Student midwives persevere amid conflict and pandemic in Afghanistan
- 12 August 2021
KANDAHAR, Afghanistan – The COVID-19 pandemic is not the only crisis preventing students from attending class. The recent and intensified conflicts all over Afghanistan, particularly in Kandahar Province, have also resulted in widespread fear and movement restrictions – especially among women.
But some classes are simply too crucial to miss. That was the case for 19-year-old Fariba and her 24 classmates, all from different districts of southern Afghanistan, who were determined to continue their studies at the Community Midwifery Education (CME) course in Kandahar City. “Neither threats of COVID-19 nor conflict will stop me from completing my education,” Fariba vowed.
Investments in public health over the past decade have generally improved access to health care. Still, Afghanistan’s public health facilities are unable to reach substantial swaths of the country, especially in remote and conflict-affected areas. Between 2007 and 2017, less than 60 per cent of women in Afghanistan had at least one antenatal care appointment during pregnancy, and from 2013 to 2018 less than 60 per cent of births in Afghanistan were attended by skilled health personnel.
The absence of these life-saving services contributes to Afghanistan’s maternal mortality ratio, which remains one of the highest in the world.
UNFPA has been working with the Ministry of Public Health to train midwives through the CME programme, helping to increase midwifery services in rural areas and lower preventable maternal and newborn deaths. In Kandahar Province, the midwifery education programme is also supported by Global Affairs Canada.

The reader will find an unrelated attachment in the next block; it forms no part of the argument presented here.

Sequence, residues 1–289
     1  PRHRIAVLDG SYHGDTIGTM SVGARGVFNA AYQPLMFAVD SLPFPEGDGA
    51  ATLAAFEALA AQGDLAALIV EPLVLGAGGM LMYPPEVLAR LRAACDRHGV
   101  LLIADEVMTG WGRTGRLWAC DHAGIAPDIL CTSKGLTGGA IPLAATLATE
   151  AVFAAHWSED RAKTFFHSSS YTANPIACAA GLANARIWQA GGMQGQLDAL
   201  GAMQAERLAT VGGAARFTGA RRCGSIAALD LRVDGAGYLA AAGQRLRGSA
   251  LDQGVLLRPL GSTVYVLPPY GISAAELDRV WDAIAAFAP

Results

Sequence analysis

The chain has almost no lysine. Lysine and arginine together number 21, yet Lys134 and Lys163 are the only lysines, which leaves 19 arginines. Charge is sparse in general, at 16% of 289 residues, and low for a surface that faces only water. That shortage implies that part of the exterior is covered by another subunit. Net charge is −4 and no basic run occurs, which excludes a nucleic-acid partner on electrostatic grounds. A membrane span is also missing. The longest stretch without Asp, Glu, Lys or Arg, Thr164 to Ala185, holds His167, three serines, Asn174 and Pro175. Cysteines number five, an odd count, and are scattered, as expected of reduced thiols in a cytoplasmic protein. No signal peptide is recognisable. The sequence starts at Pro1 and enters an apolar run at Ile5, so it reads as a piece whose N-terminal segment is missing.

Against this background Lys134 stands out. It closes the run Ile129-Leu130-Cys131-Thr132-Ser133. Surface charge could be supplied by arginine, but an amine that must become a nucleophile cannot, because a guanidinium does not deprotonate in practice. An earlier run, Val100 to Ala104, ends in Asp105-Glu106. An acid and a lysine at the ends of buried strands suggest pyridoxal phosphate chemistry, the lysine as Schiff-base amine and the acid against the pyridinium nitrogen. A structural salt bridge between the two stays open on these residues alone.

Fariba joined the programme after a community awareness-raising session in her village. “It was the first time I learned about this opportunity for women to start midwifery education, and I decided to do it,” she said. “I discussed it with my family and asked for their support, and I was allowed to enroll.”
The programme currently is a two-year course, after which graduates are deployed in their villages to serve local populations – particularly pregnant women and children.
The toughest moments for Fariba were attending practical sessions and supporting childbirths. “I was worried my inexperience could impact the delivery,” she recalled.
The midwifery students start to attend births, under the supervision of mentors, during their second semester. “Prior to entering the delivery room, I was fully trained on the process and necessary steps and what I was expected to provide,” Fariba said. “But nothing could prepare me for the actual birth, and I learned so much shadowing and assisting my mentor.”
The CME courses were interrupted by the alarming increase in COVID-19 cases in late May, when many educational centres and institutions closed. The classes remain closed today, but students like Fariba continue to diligently study at home. “We received our learning materials and modules to study at home. Hopefully school will start again soon.”
But today, the escalating hostilities are also taking a serious toll, with the rapid spread of violence to many parts of the country. More women and more children were injured or killed in the first half of 2021 than ever recorded by the United Nations Assistance Mission in Afghanistan in the first half of any calendar year. Continuing insecurity will prolong the closure of the on-site CME courses.
Meanwhile, Fariba, one of the top students in her class, remains eager to resume her studies so that she can get to work supporting the women in her village. “I wish to be a successful midwife and serve women and children in my community,” she said.
When she and her fellow students are finally able to graduate, their aim is to provide services to areas cumulatively covering some 55,000 underserved people. Fariba and her classmates are scheduled to graduate in the spring of 2022.